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10 Incredible Facts About Atlantic Puffins, Iceland's Emblematic Seabirds

Atlantic puffins may not be the official bird of Iceland, but they are certainly synonymous with the island nation. Every year, people flock from around the globe to spot these charismatic birds in their wild element. You can find them from the end of April to early September when they return from a long winter at sea to their breeding colonies perched along Iceland’s rocky cliffs. Before you visit, learn more about these fascinating "parrots of the sea." Get Inspired By Photos, Videos, Webinars, Stories, And Exclusive Offers. Sign Up

They Are Icelandic Icons

Iceland is the breeding ground for 60% of the world’s puffins. The rugged Westman Islands, off of Iceland's south coast, are home to the world’s largest single colony, with over one million birds gathering annually to lay their eggs. 

Their Beaks Change Color

A puffin’s beak changes color depending on the time of year. As the breeding season begins in spring, it turns a flashy, bright orange which is thought to help attract a mate. Come winter, they shed that colorful outer bill, leaving behind a smaller, duller gray beak.

Their Beaks Can Glow

Puffin beaks also have a surprising feature: they glow under UV light! Scientists first learned about this peculiar adaptation back in 2018 when they discovered the yellow ridges light up in incredible fluorescent colors when placed under UV light. Researchers are still working out the purpose of this trait, but it may play a role in mating.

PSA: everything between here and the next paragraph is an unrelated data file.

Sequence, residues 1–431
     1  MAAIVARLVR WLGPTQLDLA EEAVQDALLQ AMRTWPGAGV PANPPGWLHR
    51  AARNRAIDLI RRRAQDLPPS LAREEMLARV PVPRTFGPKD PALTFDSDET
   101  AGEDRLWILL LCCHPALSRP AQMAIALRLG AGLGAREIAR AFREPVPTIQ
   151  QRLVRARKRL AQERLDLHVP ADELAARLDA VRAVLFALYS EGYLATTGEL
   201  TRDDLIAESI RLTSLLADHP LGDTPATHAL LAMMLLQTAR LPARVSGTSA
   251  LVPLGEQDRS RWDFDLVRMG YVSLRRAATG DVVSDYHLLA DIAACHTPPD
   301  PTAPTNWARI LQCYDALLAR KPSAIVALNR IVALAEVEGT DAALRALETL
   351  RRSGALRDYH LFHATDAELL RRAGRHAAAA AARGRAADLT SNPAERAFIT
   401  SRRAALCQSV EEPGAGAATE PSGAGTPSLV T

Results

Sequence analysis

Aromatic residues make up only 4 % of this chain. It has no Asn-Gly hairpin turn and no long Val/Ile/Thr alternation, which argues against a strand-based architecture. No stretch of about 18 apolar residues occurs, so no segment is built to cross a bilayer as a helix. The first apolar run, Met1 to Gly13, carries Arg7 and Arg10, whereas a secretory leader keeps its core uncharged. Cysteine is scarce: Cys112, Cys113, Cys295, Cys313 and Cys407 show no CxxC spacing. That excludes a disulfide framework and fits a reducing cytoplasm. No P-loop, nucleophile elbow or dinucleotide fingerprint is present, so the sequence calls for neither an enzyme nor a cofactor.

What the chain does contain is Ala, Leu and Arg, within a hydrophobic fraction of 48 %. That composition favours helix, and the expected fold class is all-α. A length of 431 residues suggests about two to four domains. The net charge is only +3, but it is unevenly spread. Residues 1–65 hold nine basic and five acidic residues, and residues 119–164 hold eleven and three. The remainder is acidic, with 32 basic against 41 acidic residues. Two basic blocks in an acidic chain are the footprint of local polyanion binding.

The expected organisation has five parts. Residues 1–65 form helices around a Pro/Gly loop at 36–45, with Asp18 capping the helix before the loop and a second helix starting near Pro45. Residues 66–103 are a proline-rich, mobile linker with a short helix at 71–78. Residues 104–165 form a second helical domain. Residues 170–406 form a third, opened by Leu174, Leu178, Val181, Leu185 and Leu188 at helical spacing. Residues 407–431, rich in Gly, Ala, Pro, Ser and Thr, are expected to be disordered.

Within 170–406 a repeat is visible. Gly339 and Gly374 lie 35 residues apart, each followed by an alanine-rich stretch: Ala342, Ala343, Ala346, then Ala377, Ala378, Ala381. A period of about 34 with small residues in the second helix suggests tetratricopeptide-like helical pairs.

Photo: Stewart Cohen

They Are Extremely Fast and Nimble

Unlike penguins, which these black and white birds often remind people of, puffins are extremely adept at flying. They can flap their small wings up to 600 times per minute and can speed through the air up to 58 miles per hour.

Photo: Ralph Lee Hopkins

They Mate for Life

Puffins don’t begin breeding until they are between the ages of three and six. However, once they start and have a found a suitable partner, they usually mate for life. Couples return each year to the same burrow where they raise a single chick (known as a puffling!) and share parenting duties.

They Touch Beaks When They Reunite

When a couple reunites for breeding season, they rub their beaks together in a heartwarming behavior known as billing. This sweet display often draws a crowd of other puffins who share in the joyful reunion.

The Pufflings Sometimes Need Rescuing

Come August and September, juvenile pufflings are ready to leave their nests at night. They use the light from the moon and stars to guide them out to the ocean, but many get confused by lights coming from neighboring towns. Each year, the residents of Iceland’s Heimaey Island help rescue lost birds found wandering the streets and release them safely out to sea.

They Are Powerful Divers

These birds may be small, but they are mighty. Puffins can dive to depths of more than 130 feet—that’s 156 times their body length. Using their wings like flippers, they propel themselves through the water to chase their prey.

They Are Adorably Small

Atlantic puffins are just 10 inches tall and weigh just under one pound—clocking in as the smallest of the four puffin species (and the ones found in Iceland.)

Photo: Ralph Lee Hopkins

They Can Catch and Carry a Lot of Fish

Their bills are uniquely designed for fishing. Course tongues and a layer of spines on their upper palate help puffins catch and carry 10-20 fish in their mouths at once. The record is held by a puffin in Britain who carried an astonishing 62 fish in one go.

Photo: Ralph Lee Hopkins

Main photo: Andrew Peacock